90% of all US grown corn, canola, soybeans, and sugar beets have DNA bits from the lab (Woolston). The United States is the top GMO growing country with 70 million hectares of land dedicated to these farms. (Lee). These modified crops and plants for human and animals are created mainly for withstand herbicides or to produce an insectide. “No GMO traits are on the market for bigger yields, drought resistance, enhanced nutrition or any other consumer benefit” (Burnham).
Genetic Engineers insert genes from bacteria, viruses, animals, or humans into the DNA of a food crop or animal to create an organism that would never occur in nature.” Technology is advancing like never before; it’s found a way to make food. That is very impressive, right? Genetically Modified Organisms have been in the United States for almost twenty years now. Not only are Americans not aware of consuming GMOs, GMOs are in practically everything we eat, “By 2011, 94 percent of all soybeans and 88 percent of all corn grown in the United States was genetically modified. Soy and corn, along with other common GM foods (including canola oil.
But the food served isn’t lower quality. The food is not even food. It is poison! The chain restaurants food that is sold to the world population contains over 70 cancer-promoting ingredients (Roberts), not to mention it also contains preservatives that are butane-based, bleached flour, and the main ingredient found in silly putty (Breyer). It is clear that McDonalds does not sell food that anyone should be eating; yet, it poisons 68 million people a day, or in other words one percent of the population (Lubin, and Badkar.)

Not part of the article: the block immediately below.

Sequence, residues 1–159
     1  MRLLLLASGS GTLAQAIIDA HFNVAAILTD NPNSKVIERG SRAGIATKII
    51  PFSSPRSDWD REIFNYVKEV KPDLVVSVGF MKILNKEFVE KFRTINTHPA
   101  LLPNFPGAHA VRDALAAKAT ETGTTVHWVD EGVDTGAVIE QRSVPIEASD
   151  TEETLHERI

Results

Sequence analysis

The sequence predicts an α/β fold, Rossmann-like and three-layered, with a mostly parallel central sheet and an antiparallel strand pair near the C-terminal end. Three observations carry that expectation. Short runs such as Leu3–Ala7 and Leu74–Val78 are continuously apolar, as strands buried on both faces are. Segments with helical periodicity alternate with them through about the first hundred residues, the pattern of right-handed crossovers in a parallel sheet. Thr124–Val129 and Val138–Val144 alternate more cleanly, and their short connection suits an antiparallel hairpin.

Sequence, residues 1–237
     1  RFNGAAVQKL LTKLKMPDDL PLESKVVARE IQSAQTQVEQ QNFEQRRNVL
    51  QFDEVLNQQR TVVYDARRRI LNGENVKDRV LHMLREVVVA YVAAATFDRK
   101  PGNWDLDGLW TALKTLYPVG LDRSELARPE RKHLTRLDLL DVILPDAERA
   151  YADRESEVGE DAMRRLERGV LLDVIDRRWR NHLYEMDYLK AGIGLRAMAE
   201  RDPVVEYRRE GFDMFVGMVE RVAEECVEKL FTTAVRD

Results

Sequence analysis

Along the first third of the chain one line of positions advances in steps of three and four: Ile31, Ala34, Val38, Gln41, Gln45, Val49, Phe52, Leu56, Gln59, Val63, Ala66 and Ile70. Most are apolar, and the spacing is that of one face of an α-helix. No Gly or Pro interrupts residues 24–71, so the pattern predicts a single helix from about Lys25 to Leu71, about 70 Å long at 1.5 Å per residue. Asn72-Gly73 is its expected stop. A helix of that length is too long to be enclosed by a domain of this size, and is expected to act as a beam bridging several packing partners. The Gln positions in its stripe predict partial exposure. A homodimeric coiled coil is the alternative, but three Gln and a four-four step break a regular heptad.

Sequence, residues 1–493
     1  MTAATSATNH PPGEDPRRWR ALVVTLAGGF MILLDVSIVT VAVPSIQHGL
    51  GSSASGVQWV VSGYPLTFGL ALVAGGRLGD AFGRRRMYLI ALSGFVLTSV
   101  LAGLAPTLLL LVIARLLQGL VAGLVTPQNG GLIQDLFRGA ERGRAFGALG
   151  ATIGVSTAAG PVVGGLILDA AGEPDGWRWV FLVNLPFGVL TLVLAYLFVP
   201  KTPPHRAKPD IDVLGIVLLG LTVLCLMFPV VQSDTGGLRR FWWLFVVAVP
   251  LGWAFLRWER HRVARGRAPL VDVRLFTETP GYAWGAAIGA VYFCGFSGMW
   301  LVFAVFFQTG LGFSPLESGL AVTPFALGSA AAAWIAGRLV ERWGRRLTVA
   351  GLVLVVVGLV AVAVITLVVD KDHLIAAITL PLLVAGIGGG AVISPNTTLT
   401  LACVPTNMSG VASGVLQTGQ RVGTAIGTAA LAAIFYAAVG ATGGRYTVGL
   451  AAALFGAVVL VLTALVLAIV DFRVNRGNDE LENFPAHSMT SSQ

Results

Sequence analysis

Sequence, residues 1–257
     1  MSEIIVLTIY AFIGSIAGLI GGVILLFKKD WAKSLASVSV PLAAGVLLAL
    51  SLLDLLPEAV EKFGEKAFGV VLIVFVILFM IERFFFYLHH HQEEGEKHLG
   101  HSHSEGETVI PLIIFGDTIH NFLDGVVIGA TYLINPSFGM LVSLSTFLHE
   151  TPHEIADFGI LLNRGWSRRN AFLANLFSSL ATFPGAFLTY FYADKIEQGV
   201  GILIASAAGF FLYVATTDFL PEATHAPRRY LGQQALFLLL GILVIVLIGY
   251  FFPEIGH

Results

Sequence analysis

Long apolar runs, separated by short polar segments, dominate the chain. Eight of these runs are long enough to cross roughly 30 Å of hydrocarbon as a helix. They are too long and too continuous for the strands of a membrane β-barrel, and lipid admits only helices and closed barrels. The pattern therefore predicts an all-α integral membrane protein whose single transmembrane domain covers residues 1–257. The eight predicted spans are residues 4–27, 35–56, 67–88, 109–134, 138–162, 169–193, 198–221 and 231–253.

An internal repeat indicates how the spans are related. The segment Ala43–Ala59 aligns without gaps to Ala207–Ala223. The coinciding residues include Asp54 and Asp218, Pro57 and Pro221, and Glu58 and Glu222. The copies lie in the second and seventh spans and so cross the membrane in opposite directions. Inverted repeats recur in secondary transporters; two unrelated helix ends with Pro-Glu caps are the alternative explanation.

Though genetically modified foods were originally created to improve agriculture, their negative effects greatly outweigh their positive ones. Though they have a relatively short history, genetically modified foods have grown into a massive industry. In 1995, the United States first allowed GM foods to be sold for human consumption (Diaz and Fridovich-Keil). The first genetically modified food sold in the United States was a tomato that was invented to stay fresh longer (Fernandez). After only four years, nearly half of the United States' cotton, soybeans, and corn were genetically modified (Diaz and Fridovich-Keil).
One approach is biotechnology (using other species to control pests) and genetic modification (GM) of crop. Without much public debate, production of GM food has steadily increased since they were first introduced in 1994. According to the Department of Agriculture, cotton, corn and soybeans are the most common GM crops in the U.S. In 2012, GM cotton accounted for 94 percent of all cotton planted, GM soybeans accounted for 93 percent of soybeans planted, and GM corn accounted for 88 percent of corn planted (add in text citation). This suggests that a large percentage of processed foods sold by supermarkets in the U.S. contain some ingredients derived from GM crops, primarily corn, soy, and canola.